Valiant defeats no longer enough for Egypt after handball world championship near-miss

With the Olympics six months away, the Pharaohs believe they can fight for the podium in Tokyo

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The World Men's Handball Championship wrapped up in Cairo on Sunday with Denmark becoming just the second team in 47 years to successfully defend their crown.

Hosts Egypt fell to the Danes in a dramatic quarter-final that was decided by a penalty shoot-out after double extra-time last Wednesday, and placed seventh in the competition – their highest World Championship finish since 2001.

The Egyptians gave the undefeated Danes their toughest test throughout the championship and had multiple chances to walk away as victors, but ultimately paid the price for wasting those opportunities.

The quarter-final was a thrilling 80-minute affair worthy of a ‘30 for 30’ documentary.

In the dying seconds of regulation time, with both sides tied, a substitution error by Egypt gifted Denmark possession but an Ahmed Hesham steal saved the North Africans as the game went into extra-time.

With Denmark leading by one goal at the end of the first extra-time, tournament MVP Mikkel Hansen ignored a referee whistle and was sent off, allowing Egypt to equalise, thanks to a converted penalty by star right-wing Mohamed Sanad.

The exact opposite scenario unfolded at the end of the second extra-time, as Egypt squandered a one-goal lead, allowing Denmark to draw level after Ibrahim El Masry was handed a red card.

Veteran duo Ahmed El Ahmar and Ali Zein missed their penalties in the deciding shoot-out as Denmark sank the hearts of 100 million Egyptians to advance. El Ahmar, Egypt’s 37-year-old trusted captain and leader, had also missed a penalty at a crucial moment in extra-time.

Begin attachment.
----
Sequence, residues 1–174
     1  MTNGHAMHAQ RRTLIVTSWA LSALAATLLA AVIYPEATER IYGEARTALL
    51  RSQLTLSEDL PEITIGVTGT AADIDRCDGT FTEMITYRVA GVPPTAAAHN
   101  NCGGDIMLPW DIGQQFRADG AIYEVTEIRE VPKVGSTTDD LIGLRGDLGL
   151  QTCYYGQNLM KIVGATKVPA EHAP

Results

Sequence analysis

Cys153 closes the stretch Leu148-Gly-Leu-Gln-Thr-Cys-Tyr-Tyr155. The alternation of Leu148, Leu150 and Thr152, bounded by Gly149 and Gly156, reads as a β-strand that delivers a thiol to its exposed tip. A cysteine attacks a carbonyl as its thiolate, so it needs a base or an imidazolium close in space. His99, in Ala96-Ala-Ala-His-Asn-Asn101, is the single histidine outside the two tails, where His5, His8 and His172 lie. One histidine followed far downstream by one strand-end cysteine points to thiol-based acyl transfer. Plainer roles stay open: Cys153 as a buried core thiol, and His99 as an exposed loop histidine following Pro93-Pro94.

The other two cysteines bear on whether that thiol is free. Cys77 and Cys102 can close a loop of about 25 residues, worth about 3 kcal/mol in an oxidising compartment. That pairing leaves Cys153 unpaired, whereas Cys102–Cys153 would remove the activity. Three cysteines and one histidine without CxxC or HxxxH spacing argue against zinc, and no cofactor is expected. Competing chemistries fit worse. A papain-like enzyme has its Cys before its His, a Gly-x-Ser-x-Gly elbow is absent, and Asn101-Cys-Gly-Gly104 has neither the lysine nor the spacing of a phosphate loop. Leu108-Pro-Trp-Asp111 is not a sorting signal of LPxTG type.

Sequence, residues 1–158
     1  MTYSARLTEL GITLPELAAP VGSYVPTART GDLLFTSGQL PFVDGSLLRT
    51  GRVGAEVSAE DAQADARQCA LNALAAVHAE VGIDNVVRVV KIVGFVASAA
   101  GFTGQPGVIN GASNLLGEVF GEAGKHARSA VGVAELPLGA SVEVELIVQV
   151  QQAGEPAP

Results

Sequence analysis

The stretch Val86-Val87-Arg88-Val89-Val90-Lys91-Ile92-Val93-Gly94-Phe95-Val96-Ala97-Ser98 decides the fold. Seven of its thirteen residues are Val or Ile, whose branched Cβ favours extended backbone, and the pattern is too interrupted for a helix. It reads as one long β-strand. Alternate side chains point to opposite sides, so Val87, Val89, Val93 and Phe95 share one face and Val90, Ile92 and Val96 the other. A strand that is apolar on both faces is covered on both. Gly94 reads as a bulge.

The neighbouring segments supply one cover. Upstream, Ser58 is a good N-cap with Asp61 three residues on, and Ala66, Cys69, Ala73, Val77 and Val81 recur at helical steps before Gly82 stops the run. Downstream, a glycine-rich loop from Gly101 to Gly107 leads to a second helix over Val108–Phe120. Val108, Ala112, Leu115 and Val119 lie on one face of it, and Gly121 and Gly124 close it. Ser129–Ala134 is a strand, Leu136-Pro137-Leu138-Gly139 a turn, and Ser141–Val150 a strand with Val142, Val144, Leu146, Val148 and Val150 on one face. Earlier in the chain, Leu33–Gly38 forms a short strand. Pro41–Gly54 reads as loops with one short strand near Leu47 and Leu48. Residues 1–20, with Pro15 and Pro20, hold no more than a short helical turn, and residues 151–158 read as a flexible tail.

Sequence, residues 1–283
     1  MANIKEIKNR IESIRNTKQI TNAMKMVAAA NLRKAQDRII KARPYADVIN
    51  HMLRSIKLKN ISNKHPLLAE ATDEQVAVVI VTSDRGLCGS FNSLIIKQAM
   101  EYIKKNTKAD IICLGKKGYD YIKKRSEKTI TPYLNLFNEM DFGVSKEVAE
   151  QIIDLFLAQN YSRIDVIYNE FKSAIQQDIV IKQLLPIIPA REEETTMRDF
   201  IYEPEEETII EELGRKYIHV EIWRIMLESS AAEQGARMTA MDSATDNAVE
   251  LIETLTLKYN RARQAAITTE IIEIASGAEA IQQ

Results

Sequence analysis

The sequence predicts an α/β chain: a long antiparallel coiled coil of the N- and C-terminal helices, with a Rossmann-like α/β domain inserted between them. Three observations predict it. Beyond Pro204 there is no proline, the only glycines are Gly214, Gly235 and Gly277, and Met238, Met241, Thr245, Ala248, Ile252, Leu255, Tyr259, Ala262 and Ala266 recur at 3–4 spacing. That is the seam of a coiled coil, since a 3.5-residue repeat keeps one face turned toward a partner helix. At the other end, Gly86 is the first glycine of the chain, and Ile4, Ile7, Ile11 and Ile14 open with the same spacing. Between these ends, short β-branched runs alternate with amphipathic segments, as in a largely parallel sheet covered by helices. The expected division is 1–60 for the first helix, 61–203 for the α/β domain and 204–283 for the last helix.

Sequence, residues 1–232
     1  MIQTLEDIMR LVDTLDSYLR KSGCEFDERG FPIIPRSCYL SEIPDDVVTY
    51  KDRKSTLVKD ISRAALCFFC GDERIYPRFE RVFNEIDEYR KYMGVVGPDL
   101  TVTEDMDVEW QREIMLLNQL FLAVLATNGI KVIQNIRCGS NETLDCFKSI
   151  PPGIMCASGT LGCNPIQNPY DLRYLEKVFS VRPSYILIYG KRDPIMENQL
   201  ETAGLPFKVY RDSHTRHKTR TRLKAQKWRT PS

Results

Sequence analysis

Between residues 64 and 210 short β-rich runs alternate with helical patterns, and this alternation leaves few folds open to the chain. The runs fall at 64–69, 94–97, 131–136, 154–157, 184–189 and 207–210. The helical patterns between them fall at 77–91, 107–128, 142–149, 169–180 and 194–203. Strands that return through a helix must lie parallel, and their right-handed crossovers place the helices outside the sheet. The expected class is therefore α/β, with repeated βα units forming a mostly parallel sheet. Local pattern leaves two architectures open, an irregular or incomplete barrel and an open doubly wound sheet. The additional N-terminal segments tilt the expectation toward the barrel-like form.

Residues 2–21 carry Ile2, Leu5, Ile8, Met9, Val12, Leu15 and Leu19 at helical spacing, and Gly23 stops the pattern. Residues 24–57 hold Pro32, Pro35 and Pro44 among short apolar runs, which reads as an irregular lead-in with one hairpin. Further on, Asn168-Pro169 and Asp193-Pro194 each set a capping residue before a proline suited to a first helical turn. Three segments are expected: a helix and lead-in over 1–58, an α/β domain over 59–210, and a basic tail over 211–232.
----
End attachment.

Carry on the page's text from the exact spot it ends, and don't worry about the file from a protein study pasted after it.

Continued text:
“It’s a tough loss to digest,” said Sanad on the Egyptian talk show ‘The Last Word’.

The Egyptian players are understandably inconsolable, having come so close to knocking out the defending champions.

Zein, who was named Man of the Match, fell to the ground in tears the second the contest was over.

“I felt like I dashed the hopes of so many people,” admitted Zein, who has played for multiple European teams and is currently with Sharjah SC in the UAE.

But it is both impossible and unfair to pin the defeat on just one player. It was a roller coaster game that is still being deliberated by fans worldwide – one that saw the Egyptians edge to the brink of victory more than once.

For any Egyptian, it’s hard not to assess the Pharaohs’ campaign with mixed emotions.

On one hand, the squad played a brilliant seven matches, with their only two losses coming against the eventual finalists, Sweden and Denmark (each by just one goal).

Two decades on from Egypt’s heroic fourth-place finish at the World Championships in France (they were the first non-European side in competition history to make it to the semi-finals), the North African nation finally looks like they have a squad that can rival the famed ‘Dream Team’ of 2001.

With the Olympics just six months away, the Pharaohs have every reason to believe they can fight for the podium in Tokyo.